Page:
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Vatesvara Siddhanta – A Major Treatise On Indian Astronomy

Vatesvara Siddhanta of Vateshvara (b 880 CE) is a major, exhaustive work on Indian astronomy. Vateshvara, son of Mahadatta, hailed from Anandapura in northern Gujarat, which was a great center of Sanskrit learning during his time. Highly original in his presentation of the discipline, Vatesvara’s Siddhanta was considered at par with earlier authorities like Aryabhatta and has been cited as such by later astronomers like Sripati. This Siddhanta was well known also to Persian astronomers and historians like Al-Beruni and others.

Sculpture At Padmanabhapuram Palace

Vatesvara is the author of two more works: Gola and Karanasara. Gola is a text on spherical astronomy, of which only five chapters are available. The five chapters are:

  1. Golaprasamsa on spherics
  2. Cedyaka on graphical representations of planetary motion
  3. Golabanda on construction of the armillary sphere
  4. Golavasana on spherical rationale
  5. Bhuglos on terrestrial globe

Karnasara, an astronomical manual with tables, is useful for computation of the almanac.

Vatesvara Siddhanta takes its basic from the system of Aryabhatta and his followers, Bhaskara I and Lalla, but is highly original in formulating rules and setting out methods of computation. A number of astronomical problems are supplemented to each section of the work towards demonstrating the rules and setting out the rationale of the said rules.

Apart from treating different aspects of Indian astronomy systematically and exhaustively, Vatesvara Siddhanta is unique in that, when a rule is given, all possible alternatives are also set out, towards helping the reader to look at these matters from different points of view. The work has been presented in a simple and straightforward language.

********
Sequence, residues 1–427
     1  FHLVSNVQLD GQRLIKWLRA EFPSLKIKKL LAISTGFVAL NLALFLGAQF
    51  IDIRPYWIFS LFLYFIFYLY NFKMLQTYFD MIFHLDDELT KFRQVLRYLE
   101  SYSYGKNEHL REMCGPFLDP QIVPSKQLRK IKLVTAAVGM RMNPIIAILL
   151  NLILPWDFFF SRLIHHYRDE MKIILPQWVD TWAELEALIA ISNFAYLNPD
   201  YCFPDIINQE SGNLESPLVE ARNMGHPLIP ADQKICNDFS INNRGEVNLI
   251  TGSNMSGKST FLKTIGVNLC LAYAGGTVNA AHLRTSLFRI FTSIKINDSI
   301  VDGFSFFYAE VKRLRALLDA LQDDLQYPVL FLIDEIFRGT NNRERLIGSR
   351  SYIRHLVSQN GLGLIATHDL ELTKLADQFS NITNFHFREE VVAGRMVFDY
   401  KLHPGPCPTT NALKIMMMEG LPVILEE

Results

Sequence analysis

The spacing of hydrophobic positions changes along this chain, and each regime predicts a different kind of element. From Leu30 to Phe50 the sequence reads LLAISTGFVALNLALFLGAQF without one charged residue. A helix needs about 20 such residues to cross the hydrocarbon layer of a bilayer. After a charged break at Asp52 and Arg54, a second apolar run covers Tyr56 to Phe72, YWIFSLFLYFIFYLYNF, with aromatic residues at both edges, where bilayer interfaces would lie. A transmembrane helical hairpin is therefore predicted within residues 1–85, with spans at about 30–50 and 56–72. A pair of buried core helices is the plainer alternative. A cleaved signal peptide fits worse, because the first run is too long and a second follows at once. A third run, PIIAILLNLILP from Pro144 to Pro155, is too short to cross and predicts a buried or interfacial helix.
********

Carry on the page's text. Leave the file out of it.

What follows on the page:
Vatesvara Siddhanta deals with the discipline in eight chapters, each having several subsections.

Chapter I

The first chapter is on “mean motion of planets”, introduces the subject with the nature of revolutions of the planets, time measures, and ahargana or the number of days elapsed from the epoch, and on that background sets out the computation of the mean planets.

Chapter II

The second chapter deals with computation of “true motion of planets” and the various corrections involved therein.

Chapter III

The third chapter of Vatesvara Siddhanta sets out three problems involving mean and true motions of planets. Inter alia a number of related astronomical subjects come in for enunciation, like coordinal directions and the equinoctial shadow; sun’s declination, earthshine, ascension difference and attitude and graphical representation of shadow.

Chapter IV

The fourth chapter deals with lunar eclipse and its computation.

Chapter V

The fifth chapter is devoted to computation of solar eclipse, which is more complicated and involves lambana or parallax of longitude and vati or parallax of latitude. There is also a description of construction of diagram of solar eclipse, besides computation of the eclipse the astronomical instruments.

Chapter VI

The chapter six of Vatesvara Siddhanta is concerned with heliacal rising and setting of planets.

Chapter VII

This chapter deals with clevation of moon’s horns.

Chapter VIII

The last chapter of Vatesvara Siddhanta deals with conjunction of heavenly bodies, namely, conjunction of two planets and conjunction of a star and a planet.

Source – 

  • Vatesvara Siddhanta and Gola of Vatesvara – Two Parts (1985, 1988) K. S. Shukla – Indian National Science Academy – New Delhi.
  • Encyclopedia of Hinduism Volume XI page 233 – Rupa- IHRF (2011)

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